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The county is now saving over $150,000 per year, thanks to data discrepancies revealed by iHRIS.
In Kenya, the health workforce data provided through the integrated human resources information system (iHRIS) is turning fortunes around.
When Kenya decentralized its health system management from one national hub to 47 individual county governments in 2013, young county departments of health found themselves struggling. They needed to identify, track, and monitor their workforces while facing looming staff shortages, labor disputes, and high recurrent expenditures in the form of salaries and allowances.
Kilifi County was no exception.
In 2013, the county relied on Excel data sheets to summarize its human resources for health (HRH) information. These data were static, unreliable, and only accessible to a few individuals, causing human resources officials to fall back on information stored haphazardly in personnel files or staff returns submitted monthly from health facilities that were not always accurate.
It wasn't until April 2017 that the county began to fully appreciate the value of iHRIS.
This constrained the county’s planning, budgeting, and forecasting for its health workforce.
Four years later, things are different in Kilifi, thanks to iHRIS, open source software built by IntraHealth International to manage health workforce data.
Kilifi County adopted the system as a result of over three years of collaboration with IntraHealth, led by our USAID-funded Human Resources for Health Capacity Bridge project and Human Resources for Health Kenya Mechanism. We’ve worked together to provide training and technical assistance, and to form a technical working group that implements the system. We’ve also helped Kilifi County to participate in quarterly intercounty coordination forums, where they can continuously benchmark themselves against other counties.
This peer-to-peer learning and collaboration has encouraged the county to sustain regular updates, troubleshoot problems, and build the team’s ability to mentor other counties, such as TaitaTaveta.
But it was not until April 2017 that the county began to fully appreciate the value of iHRIS.
While grappling with a bloated wage bill, Dr. Timothy Malingi, Kilifi County chief officer of health, saw discrepancies in the data stored in iHRIS and those in the payroll system, the Integrated Payroll & Personnel Database (IPPD).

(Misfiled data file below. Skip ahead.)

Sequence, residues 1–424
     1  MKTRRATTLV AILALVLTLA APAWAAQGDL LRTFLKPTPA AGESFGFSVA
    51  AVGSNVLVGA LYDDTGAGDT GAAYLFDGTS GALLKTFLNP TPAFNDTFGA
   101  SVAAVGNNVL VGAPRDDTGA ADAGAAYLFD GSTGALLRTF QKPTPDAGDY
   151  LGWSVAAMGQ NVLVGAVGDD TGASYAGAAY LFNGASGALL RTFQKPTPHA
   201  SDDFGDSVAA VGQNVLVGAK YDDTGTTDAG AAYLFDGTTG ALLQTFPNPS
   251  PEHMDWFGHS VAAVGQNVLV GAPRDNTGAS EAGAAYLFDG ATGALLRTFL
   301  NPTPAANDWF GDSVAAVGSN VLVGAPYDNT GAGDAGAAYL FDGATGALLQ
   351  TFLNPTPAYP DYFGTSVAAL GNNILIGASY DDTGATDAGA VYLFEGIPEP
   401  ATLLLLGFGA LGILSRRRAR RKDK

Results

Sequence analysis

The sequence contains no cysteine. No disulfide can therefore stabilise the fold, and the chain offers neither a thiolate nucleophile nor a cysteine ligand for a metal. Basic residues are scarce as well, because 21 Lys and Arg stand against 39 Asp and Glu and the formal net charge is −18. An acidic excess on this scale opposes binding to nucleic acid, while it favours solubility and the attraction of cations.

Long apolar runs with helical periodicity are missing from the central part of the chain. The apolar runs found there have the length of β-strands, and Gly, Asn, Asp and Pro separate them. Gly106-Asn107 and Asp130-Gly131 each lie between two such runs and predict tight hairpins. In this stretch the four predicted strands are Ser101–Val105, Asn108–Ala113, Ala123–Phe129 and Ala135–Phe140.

So the county facilitated a four-day workshop with the iHRIS technical working group. Together with the county human resources director and payroll manager, the group inspected, sorted, cleaned, and updated 1,460 staff records in both iHRIS and the IPPD.
The county is now saving $150,765 per year.
They found that while payroll data had 1,460 workers listed, iHRIS data mined from staff returns had only 1,429—a difference of 31 health workers. On further inspection, they used iHRIS data to identify 25 staff members that should be expunged from the payroll, as they no longer merited drawing salaries from the health department.
As a result, the county is now saving KES 1,256,383 per month, or US$150,765 per year—significantly reducing the department’s annual spending on recurrent expenditure.
In October 2017, the county became the first in its cluster to generate and disseminate a second version of its HRH information dashboard. This dashboard compares HRH data with HIV service delivery data, providing a clearer picture of the impact of the health workforce on service delivery, and it is available publicly to stakeholders.
And due to the accuracy and completeness of the records in both iHRIS and the IPPD, Kenya is now using these data to inform its health workforce forecasting.
Kilifi County’s experience with iHRIS illustrates how data not only drive effective health workforce management, but also help counties optimize their limited resources.
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